Recent legislative anti-avoidance measures have the potential to
unexpectedly catch a wide range of commercial transactions to make
them dutiable at very high rates of duty.
The Victorian Duties Amendment Act 2008 has only just
come into force with retrospective effect from 21 November 2008.
Transactions entered into as a result of development or other
agreements made before that date are subject to the new tax rules
unless the transaction is only a renewal of a lease entered into
before that date.
Sales of businesses
Sales of businesses were never a direct head of liability for
duty. However, sales of businesses that included a sale of freehold
land were indirectly caught by the legislation and duty was
assessed on the consideration other than goodwill, stock-in-trade
and primary production. Sales and transfers of businesses,
franchise agreements and other transactions, such as public private
partnerships, are now directly dutiable if the transaction includes
an assignment of lease for consideration, or the grant of a lease
for consideration other than rent and outgoings. This is despite
the explanation in the legislative explanatory memorandum and the
views expressed by the State Revenue Office.
The rate of duty is the same rate as for a transfer of land.
That rate is 5.5% of the higher of the consideration for the
transaction and the unencumbered freehold value of the land (where
the land exceeds $960,000). Lesser rates apply for lower valued
land. The lease term, may be for as little as one day.
A sale of a local milk bar business for $1000, with only 3
months remaining on a lease, will now cost the purchaser an
additional $52,670 in duty if the landlord's shop is worth
Transfer of shares in certain companies and units in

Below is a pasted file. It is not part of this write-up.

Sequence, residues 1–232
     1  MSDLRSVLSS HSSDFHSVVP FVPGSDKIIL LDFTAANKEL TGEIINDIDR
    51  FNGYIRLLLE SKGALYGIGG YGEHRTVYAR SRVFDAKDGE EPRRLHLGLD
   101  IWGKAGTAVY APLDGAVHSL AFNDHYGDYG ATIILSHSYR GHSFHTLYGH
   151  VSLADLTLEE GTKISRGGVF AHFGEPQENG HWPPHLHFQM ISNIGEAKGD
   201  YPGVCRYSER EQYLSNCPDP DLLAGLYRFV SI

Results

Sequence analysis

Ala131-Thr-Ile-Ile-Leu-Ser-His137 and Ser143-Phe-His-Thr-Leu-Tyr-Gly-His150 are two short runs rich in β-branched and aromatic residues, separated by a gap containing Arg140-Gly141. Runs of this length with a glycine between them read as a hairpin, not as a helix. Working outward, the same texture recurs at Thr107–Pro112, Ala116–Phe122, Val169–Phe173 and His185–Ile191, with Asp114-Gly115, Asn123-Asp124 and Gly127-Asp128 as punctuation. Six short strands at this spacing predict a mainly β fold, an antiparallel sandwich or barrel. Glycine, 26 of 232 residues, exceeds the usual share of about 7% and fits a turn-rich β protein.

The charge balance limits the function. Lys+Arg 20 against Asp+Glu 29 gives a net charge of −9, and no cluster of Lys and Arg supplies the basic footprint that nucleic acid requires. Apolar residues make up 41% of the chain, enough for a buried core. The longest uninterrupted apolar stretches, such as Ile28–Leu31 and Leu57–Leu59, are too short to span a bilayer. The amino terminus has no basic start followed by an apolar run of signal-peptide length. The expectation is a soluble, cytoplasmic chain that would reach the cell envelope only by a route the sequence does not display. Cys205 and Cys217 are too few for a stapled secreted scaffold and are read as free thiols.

Transfers of shares in private companies, private unit trust
schemes and wholesale unit trust schemes are now dutiable if the
company or scheme falls within the definition of being "land
rich". A company or scheme is land rich if its unencumbered
land holdings in Victoria exceed $1M or more, or if all its
worldwide land holdings comprise 60% or more of all its property. A
land holder can be deemed to be entitled to the land through a
The rate of duty is the same as that for a transfer of land.
This is only a very brief summary of the legislation and only
seeks to draw attention to some of the main implications of the
legislation. There is considerable detail and other issues which
are not included in this summary. Please see the Hunt & Hunt
e-alert of 7 July 2009 for more detail on some of the issues
affecting lease transactions. Those considering a sale or purchase
of a business, franchise agreement or other transactions involving
leases, sales or purchases of shares or units in a company or
scheme that owns land or is a tenant of land in Victoria; should
obtain detailed legal advice on how the transaction may be affected
by these amendments to the Duties Act.
The content of this article is intended to provide a general
guide to the subject matter. Specialist advice should be sought
about your specific circumstances.
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The income tax treatment of any property lease incentive will vary, depending on the nature of the inducement provided.
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